Also, there are virtually no consumer protections when you pay with a cryptocurrency. Unlike credit cards, which allow you to dispute certain charges under the Fair Credit Billing Act, you have no such rights when you pay with cryptocurrencies. The Federal Trade Commission received so many complaints from consumers that it issued a warning a few years ago about paying with bitcoin.

Oh, and that part about booking with cryptocurrency being easy – it's not true for everyone.

For some bookings, the user experience "can be highly technical and requires a good deal of confidence," says Pedro Renaud Anderson, chief operating officer of Winding Tree, a blockchain company that specializes in travel. "Booking a trip with crypto is still pretty gimmicky and provides very little true value for the passenger."

Also, he says the sites that accept cryptocurrencies often charge more than those that don't.

The best reason to book your next trip with bitcoin

You have to weigh the pros and cons of booking a trip with Bitcoin before opening your digital wallet. More people are doing it now than ever before. But the best reason to pay for your next flight, hotel or tour with cryptocurrency is that if enough people do it, it could upend a badly broken system.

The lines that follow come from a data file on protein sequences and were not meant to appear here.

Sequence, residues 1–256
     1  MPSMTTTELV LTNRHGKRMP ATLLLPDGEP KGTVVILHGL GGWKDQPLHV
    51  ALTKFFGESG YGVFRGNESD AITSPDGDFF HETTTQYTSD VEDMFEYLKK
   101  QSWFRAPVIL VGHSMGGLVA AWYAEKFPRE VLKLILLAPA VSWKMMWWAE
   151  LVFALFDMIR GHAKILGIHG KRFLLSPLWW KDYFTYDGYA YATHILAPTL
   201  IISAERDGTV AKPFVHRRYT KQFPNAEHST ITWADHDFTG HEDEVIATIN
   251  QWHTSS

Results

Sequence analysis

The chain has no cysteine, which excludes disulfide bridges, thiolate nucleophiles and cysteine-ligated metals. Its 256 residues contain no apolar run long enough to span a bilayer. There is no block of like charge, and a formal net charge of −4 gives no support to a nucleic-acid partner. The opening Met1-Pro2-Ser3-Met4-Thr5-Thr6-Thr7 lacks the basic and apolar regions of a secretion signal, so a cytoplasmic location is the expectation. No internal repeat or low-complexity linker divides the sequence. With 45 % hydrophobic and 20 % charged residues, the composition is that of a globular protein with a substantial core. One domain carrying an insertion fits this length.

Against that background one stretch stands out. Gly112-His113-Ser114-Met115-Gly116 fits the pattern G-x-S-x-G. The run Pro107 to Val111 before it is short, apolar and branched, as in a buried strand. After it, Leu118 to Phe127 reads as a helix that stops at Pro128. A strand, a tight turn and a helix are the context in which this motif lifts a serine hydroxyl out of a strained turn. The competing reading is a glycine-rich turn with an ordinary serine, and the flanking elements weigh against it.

Imagine a world free of credit cards, where you have to pay ridiculous fees to access your own money, and where we're no longer slaves to a loyalty program. Digital currencies promise to end a system that has forced half of America deeper into debt while enriching a select few who learned to game the points and miles programs. Isn't it time we freed ourselves from those shackles?

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Tips for booking your next trip with cryptocurrency

How to get your hands on cryptocurrency. Check out a cryptocurrency exchange like Binance, Coinbase or Gemini. If you have a PayPal account, you can buy Bitcoin, Ethereum, Litecoin and Bitcoin Cash.

What to do about your rewards. New blockchain technology will "tokenize" rewards, turning them into a form of digital currency. You can cut up your credit card and stop worrying about that ridiculous annual fee. "Tokenizing rewards programs will have a big impact on increasing the flexibility and security of loyalty programs," predicts Sloan of Future Tech Software Labs.

What to do if they don't accept bitcoin. If your favorite airline or hotel doesn't take crypto, give it a few months. "Major travel industry companies and services to begin looking more at accepting cryptocurrency as payment in the future," predicts Andrew Hacker of Harrisburg University of Science and Technology